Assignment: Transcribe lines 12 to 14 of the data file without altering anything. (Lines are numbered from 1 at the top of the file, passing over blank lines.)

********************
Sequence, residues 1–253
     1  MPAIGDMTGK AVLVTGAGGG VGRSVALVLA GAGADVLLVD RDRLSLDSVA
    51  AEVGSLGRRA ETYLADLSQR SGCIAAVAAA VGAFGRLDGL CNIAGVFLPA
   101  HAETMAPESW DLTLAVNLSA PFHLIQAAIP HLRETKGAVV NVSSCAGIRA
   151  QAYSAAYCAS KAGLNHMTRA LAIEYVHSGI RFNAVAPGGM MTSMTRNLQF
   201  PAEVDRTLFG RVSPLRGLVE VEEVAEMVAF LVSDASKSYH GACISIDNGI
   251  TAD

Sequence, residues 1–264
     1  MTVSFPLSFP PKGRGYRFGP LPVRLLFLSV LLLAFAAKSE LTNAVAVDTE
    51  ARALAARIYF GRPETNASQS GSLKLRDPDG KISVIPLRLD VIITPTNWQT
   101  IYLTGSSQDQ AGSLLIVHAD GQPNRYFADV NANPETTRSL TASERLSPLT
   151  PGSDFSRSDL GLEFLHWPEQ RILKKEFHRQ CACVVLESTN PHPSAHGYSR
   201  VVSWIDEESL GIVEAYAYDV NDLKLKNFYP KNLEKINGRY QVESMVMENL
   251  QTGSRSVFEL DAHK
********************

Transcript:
   151  PGSDFSRSDL GLEFLHWPEQ RILKKEFHRQ CACVVLESTN PHPSAHGYSR
   201  VVSWIDEESL GIVEAYAYDV NDLKLKNFYP KNLEKINGRY QVESMVMENL
   251  QTGSRSVFEL DAHK